We were able to get access to Cullen Omori's new album The Diet (Out August 17, 2018) so we are going to take some time to preview the man behind the music, give this record a listen and a thorough review, and take a look at two of the videos for the singles that are out. With that said, let's jump right in!
Cullen Omori Biography
Cullen Omori is a native of Chicago, Illinois and first rose to prominence when he formed the indie group The Smith Westerns in 2007, which he was with until 2014 before venturing out on his solo career. He started his solo career with Sub Pop with his release of New Misery which was positively received by the alt community.
The ensuing time between Omori's first solo album and second has been a difficult road. Omori had car accidents, strained relationships, and busted vans to deal with in the time between the two records. Not to mention a relocation from Chicago to Los Angeles.
Omori stated that "I named the album The Diet because to go on a diet, you cut back on certain things and regulate your intake of others. The idea that you can do that means you must have a surplus of whatever you're trying to limit. I was so emotionally and spiritually drained, and my only surplus was a bunch of negative feelings and a lot of self-loathing". Omori channeled the energy from the chaos he was experiencing in his personal life to craft the songs that would appear on the album.
Omori changed up how he approached his recording style for this record. Whereas in the past he would lock himself in a room with a producer and work away until he had a finished product, The Diet was more collaborative in nature. Omori noted "...this time around I wanted the sessions to be a revolving door of musicians: different people, different aesthetics, I wanted to open up, even though all these terrible things have happened to me. I pushed against my inner nature by actively pursuing collaborators". Omori felt this ultimately helped The Diet be a more accessible record for listeners.
The Diet Album Review
The Diet is a marvel of an album that juxtaposes melody and themes in a manner in which we have rarely seen in music. Omori is able to deliver such heart wrenching material in a manner that doesn't simply just make the listener mope, but rather invites them in through melodic music and vocal harmonies. We thoroughly enjoyed his unconventional song structures. Today we see all too often *Verse 1/Chorus/Verse 2/Same Chorus/Super Chorus/annnnnd Curtain*. Omori takes that notion and beats it to hell with his hooks, seemingly coming out of nowhere, but it still flows in a way that is organic and makes sense.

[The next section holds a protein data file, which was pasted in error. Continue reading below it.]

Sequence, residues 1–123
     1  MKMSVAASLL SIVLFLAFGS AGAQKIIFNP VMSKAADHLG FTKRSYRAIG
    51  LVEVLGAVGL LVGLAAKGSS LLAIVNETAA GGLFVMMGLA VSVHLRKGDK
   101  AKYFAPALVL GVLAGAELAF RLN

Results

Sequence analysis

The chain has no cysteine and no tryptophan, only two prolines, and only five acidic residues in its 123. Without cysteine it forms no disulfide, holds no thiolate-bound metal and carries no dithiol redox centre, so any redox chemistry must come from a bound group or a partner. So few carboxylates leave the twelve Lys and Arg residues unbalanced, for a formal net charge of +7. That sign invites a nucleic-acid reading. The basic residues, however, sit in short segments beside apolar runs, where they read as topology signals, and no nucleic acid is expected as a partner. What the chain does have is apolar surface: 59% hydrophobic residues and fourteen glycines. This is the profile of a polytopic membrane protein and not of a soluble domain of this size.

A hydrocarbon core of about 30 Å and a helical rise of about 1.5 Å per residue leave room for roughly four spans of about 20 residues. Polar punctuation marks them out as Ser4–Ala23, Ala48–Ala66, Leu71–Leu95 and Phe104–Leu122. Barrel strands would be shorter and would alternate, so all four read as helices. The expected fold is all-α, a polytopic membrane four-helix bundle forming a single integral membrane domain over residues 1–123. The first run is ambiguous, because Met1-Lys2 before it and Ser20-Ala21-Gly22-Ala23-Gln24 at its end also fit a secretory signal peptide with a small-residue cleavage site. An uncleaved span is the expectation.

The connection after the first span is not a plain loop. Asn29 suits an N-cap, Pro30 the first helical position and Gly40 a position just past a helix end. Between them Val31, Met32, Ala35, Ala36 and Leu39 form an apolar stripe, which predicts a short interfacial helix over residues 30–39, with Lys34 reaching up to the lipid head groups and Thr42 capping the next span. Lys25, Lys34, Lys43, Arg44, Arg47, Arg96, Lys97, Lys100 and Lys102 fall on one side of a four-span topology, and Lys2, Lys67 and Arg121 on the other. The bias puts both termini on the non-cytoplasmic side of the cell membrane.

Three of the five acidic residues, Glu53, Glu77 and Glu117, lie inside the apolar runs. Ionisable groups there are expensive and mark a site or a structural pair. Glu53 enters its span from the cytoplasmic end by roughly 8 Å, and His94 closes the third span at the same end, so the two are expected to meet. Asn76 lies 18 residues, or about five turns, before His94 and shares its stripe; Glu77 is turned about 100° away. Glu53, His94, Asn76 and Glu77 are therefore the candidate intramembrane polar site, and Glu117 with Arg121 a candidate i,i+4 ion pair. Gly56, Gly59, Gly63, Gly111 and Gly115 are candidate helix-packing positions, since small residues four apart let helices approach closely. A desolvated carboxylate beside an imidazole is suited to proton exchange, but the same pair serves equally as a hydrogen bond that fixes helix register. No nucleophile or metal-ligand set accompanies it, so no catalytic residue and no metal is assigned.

1. "Four Years" - Good indie melody with lead playing mostly clean over acoustic chords that shift between major and minor chords. Solid bridge and vocals. Vocals are reminiscent of classic rock like Beach Boys and the Beatles with the harmonies, especially on the chorus. Thoroughly enjoyed the inclusion of the guitar solo and the ending section where Cullen brought it up another level! Lyrically and thematically the song is pretty dark when positioned against the bright melodies of the tune. The song explores themes of self-doubt, feelings of inadequacy, depression (and the ensuing indifference it causes), and self-loathing. Omori has such a talent for juxtaposing bright melody with dark themes, that rivals that of Stephan Jenkins (of Third Eye Blind). This might even go unbeknownst to the listener if they're not looking out for such things. .
2. "Borderline Friend" - This track has a bit more of a slowed down melody to it, reminiscent of classic alt favorites Pinback. Love the structure of the song and the sudden drop into the hook, it takes the listener by surprise in a good way. Strong vocals on display here as well, again this track is more in the traditional alt genre and doesn't display the classic stylings that "Four Years" did. It's very much in theme with what Omori is building toward. The Beatles-type harmonies come back out of nowhere at the end. What a welcome addition! Lyrically, this is a love song, but not the conventional type; it reminds us of a relationship where one partner feels trapped, or the luster is gone (or was never there in the first place).
3. "All By Yourself" - This song features acoustic guitar with effects-driven vocals. The track is a solid one and slows things down a bit. However, it still doesn't come off as a sad song. It's a love song as well, but it's very much about wanting to help someone in isolation, while simultaneously struggling with mental health challen